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Guest Opinion: Women in leadership – barriers and challenges


By Harwant Khush | Research consultant, Tero International

International Women’s Day is celebrated all over the world annually on March 8. It is the time of the year when women celebrate their successes, reflect upon their roles in the decision-making procedures of the society, and ponder on how far they have gained gender parity in their professional lives.

In their reflection this year, will women feel they are well-represented in leadership roles? Multiple studies have been conducted to understand women’s roles and their representations in our society’s leadership positions. The Global Strategy Group in 2016 concluded that “women’s lack of representation at the top is strikingly at odds with Americans’ views on workplace equality. Just 34 percent say their current workplace puts a high priority on having women in leadership positions, and 1 in 4 Americans say there are no women in leadership positions at their current job.”

The American Association of University Women (AAUW) declared that 

“despite gains in every profession, women remain underrepresented at all levels of leadership. In Congress, on corporate boards, and in our nation’s colleges and universities, male leaders outnumber female leaders by considerable margins.”


Women make up 50.8 percent of the U.S. population, yet gender discrepancies in leadership positions are appalling. Consider these numbers:

  • Women held only 6.4 percent of the CEO positions in the Fortune 500 companies and 5.2 percent of CEO positions in S&P companies in 2017.
  • This year, women hold 22 percent of the United States Senate seats and 19.3 percent of the seats in the United States House of Representatives. (women-us-congress)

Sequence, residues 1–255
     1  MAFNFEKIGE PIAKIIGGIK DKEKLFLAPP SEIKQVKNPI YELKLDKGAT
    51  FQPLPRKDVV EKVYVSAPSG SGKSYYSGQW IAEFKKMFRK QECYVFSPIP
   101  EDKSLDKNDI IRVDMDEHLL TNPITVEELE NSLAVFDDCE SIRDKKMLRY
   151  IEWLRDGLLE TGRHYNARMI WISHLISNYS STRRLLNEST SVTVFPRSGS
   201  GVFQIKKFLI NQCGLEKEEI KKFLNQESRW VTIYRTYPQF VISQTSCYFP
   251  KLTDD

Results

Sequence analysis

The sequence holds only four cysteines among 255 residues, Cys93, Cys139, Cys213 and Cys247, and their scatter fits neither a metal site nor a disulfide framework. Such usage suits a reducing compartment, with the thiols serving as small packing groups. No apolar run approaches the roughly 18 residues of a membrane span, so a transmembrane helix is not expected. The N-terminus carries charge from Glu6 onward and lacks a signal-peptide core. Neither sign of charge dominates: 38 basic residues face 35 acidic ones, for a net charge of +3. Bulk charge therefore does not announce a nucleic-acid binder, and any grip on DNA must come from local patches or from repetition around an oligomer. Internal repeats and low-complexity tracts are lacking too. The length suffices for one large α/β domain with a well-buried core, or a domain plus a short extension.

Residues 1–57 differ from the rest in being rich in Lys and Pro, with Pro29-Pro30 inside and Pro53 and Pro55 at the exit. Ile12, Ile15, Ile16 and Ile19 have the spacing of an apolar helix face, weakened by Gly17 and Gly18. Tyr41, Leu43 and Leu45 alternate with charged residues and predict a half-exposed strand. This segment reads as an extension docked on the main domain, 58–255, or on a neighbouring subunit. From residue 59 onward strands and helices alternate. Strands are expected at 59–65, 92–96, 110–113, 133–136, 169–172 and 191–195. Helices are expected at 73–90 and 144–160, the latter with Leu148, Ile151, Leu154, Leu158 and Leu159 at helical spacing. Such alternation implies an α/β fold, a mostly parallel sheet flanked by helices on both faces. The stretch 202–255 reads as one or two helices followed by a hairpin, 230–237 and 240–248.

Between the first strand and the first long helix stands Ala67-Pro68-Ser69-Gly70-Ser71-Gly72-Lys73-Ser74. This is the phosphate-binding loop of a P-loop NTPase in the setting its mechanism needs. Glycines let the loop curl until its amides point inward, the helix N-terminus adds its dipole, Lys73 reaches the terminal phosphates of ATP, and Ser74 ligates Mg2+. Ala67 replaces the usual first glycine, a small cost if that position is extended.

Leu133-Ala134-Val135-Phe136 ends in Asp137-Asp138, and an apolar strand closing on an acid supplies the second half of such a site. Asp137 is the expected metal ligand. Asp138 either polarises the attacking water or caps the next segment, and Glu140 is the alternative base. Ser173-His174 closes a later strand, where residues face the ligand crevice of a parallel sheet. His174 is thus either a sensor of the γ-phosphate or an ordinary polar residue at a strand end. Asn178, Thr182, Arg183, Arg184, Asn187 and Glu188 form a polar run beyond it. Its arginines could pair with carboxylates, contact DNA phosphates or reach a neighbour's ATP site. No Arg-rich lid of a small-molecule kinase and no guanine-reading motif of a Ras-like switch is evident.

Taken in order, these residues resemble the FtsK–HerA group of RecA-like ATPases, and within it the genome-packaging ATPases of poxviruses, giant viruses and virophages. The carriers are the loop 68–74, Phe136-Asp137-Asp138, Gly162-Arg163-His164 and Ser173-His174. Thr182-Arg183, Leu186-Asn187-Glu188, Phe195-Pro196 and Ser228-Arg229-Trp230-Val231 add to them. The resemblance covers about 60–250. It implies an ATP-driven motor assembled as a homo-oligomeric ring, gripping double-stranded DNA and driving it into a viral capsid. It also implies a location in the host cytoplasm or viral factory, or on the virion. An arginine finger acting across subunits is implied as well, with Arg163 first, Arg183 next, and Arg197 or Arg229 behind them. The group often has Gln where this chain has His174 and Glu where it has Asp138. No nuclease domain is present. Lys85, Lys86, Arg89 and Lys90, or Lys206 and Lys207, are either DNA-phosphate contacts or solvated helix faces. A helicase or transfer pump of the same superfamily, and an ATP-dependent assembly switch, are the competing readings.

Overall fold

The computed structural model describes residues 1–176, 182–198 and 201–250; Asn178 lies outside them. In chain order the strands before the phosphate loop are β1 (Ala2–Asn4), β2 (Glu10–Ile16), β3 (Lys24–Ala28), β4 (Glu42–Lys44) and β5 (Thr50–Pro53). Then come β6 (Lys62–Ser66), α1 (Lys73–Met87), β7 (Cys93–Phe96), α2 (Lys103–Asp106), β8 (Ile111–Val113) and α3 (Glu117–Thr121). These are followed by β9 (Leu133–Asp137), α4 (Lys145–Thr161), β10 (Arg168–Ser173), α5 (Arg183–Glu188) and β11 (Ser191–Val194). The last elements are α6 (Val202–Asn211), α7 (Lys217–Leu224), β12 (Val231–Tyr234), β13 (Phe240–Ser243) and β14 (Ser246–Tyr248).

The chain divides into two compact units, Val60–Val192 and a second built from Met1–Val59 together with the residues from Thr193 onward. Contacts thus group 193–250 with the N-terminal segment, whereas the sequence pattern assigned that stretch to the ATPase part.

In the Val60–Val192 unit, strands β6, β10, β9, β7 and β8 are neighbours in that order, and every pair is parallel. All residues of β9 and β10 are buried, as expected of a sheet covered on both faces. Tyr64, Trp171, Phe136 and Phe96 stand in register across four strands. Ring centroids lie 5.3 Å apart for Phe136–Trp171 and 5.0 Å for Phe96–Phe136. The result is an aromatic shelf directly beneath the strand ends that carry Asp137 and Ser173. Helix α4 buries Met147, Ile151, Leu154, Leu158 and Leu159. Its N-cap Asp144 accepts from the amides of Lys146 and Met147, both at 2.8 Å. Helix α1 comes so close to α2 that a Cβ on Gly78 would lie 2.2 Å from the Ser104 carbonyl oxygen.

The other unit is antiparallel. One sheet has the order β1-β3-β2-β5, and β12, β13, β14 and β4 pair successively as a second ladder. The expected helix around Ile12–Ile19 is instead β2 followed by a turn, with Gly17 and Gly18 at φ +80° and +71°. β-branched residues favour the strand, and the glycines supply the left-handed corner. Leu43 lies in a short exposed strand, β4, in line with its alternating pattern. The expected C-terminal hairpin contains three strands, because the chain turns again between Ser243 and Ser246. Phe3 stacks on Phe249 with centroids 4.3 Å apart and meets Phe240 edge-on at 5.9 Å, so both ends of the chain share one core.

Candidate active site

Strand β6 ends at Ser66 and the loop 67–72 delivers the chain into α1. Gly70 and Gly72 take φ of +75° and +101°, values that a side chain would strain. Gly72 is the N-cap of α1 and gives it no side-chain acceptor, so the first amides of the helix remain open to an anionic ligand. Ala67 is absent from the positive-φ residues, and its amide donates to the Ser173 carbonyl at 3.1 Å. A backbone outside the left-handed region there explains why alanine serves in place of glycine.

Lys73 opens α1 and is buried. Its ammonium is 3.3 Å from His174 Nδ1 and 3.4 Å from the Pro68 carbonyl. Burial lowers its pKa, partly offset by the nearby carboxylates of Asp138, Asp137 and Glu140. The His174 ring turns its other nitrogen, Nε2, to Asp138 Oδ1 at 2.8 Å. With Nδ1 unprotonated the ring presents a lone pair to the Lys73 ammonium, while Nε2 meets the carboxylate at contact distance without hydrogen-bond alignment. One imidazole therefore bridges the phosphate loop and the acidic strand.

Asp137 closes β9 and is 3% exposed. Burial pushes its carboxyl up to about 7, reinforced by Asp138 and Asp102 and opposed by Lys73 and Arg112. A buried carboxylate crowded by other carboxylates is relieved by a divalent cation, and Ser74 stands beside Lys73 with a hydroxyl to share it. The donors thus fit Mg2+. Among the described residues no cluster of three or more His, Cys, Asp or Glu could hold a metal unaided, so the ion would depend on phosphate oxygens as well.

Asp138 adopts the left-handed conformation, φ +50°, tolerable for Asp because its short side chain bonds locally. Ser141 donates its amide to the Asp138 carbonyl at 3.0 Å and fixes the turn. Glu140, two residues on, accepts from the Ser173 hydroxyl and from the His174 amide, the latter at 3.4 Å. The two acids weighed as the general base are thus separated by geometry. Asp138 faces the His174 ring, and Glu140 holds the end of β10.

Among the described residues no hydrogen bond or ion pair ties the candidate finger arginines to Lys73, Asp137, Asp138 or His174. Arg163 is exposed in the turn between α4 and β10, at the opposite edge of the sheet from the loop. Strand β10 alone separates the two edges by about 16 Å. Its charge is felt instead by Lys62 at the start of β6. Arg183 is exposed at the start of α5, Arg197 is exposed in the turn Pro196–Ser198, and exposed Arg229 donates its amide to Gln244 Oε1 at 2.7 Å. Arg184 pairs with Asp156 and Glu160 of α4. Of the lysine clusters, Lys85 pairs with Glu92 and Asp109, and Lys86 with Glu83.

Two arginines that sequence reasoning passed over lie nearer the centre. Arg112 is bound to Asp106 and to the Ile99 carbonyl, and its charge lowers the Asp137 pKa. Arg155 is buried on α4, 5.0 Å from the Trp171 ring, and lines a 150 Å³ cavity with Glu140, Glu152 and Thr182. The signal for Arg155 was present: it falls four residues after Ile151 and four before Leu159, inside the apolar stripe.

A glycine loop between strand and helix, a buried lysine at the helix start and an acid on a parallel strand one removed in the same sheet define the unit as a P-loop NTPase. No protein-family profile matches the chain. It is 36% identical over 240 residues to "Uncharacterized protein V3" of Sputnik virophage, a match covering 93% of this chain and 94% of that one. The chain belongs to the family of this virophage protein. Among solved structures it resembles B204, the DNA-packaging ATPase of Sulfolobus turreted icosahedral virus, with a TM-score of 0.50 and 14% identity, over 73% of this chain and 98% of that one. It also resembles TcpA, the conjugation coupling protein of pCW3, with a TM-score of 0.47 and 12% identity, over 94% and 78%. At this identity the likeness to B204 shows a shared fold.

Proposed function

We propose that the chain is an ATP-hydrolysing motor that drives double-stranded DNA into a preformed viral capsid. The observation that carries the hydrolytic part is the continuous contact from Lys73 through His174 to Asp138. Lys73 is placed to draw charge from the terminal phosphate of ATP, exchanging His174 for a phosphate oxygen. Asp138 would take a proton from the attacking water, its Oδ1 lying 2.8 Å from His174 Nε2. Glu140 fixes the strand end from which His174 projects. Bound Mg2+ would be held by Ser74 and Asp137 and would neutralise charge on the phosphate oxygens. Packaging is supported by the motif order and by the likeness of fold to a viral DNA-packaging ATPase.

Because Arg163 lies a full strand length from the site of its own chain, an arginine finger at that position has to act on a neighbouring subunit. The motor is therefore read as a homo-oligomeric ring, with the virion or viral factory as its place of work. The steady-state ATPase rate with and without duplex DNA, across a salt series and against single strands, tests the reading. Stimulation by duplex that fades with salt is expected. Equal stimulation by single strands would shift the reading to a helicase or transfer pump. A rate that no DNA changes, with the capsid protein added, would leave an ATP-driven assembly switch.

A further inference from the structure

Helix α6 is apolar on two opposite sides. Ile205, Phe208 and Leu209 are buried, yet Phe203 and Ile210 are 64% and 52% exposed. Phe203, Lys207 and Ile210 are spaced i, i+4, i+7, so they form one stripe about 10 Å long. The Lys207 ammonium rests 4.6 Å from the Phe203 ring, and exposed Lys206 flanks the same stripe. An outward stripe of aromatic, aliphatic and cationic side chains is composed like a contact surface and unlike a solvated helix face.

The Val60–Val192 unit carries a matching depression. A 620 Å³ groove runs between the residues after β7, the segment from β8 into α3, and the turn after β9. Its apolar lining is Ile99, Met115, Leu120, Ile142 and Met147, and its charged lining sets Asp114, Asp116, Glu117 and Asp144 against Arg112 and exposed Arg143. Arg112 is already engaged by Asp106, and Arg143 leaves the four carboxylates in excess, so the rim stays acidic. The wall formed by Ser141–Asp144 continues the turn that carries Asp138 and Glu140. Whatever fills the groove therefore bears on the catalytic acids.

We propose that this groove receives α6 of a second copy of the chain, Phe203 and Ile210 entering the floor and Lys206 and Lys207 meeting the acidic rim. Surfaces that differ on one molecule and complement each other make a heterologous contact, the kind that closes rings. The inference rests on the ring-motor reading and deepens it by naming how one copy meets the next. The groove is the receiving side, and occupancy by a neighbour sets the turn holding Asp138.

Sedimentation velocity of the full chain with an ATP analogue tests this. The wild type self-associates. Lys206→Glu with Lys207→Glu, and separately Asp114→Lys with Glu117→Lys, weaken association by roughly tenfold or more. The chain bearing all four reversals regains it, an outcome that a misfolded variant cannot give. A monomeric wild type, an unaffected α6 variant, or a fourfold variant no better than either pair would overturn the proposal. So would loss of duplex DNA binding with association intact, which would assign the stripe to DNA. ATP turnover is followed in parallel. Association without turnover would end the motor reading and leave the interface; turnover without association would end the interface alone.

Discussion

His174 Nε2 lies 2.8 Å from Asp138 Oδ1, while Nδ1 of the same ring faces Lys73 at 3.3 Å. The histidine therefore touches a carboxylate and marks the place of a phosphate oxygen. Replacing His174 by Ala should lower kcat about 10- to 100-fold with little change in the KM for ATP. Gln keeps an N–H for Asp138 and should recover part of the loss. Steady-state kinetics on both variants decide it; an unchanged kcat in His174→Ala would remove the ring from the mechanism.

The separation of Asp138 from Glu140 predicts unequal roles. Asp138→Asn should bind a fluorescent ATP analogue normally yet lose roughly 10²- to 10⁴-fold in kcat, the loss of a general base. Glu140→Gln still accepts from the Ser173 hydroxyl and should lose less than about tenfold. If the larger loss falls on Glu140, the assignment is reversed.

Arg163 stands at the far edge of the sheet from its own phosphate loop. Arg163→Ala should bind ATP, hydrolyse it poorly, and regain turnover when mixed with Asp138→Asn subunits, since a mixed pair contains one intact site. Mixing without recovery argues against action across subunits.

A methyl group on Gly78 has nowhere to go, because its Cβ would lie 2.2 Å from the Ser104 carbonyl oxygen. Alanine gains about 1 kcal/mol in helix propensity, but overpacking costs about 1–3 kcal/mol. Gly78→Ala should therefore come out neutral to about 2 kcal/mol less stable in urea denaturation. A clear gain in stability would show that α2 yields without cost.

• The percentage of women holding the top job at colleges and universities stood at 30 percent in 2016, up just 4 percentage points from 2011. (American College President Study)
  • In 2017, 8.0 percent of women were governors as compared to 2.0 percent in 1975. This is an increase of 6 percent in the last 40 years. (Pew Research)
  • When compared with the 49 high-income countries, the U.S. ranks at the 33rd position when it comes to women in the national legislature. (Pew Research)

These incongruities exist even when facts show that women have outnumbered men in attaining college degrees since 1988.

  • Women earn almost 60 percent of undergraduate degrees and 60 percent of all master’s degrees.
  • Women are also more likely to continue their education after college: 12 percent of women ages 25 to 34 in 2013 had a master’s, doctorate or professional degree, compared with 8 percent of men in the same age group.

Similar findings were highlighted in an article published by the Stanford University that stated, “Women sprint ahead of men in college completion, but they still lag in holding powerful positions.”

The question is that when there is no dearth of qualified, trained and ambitious women who are ready to lead, then what is really holding them back? What are the barriers and challenges women have to face to get to the leadership positions? 

Here are a few:

  • Women experience obvious discrimination and unfairness in the workplace including sexual harassment, hostile work environment, pay scale discriminations and budgetary constraints.
  • Gender stereotypes exist, and the concept of leadership has been strongly tied to masculinity.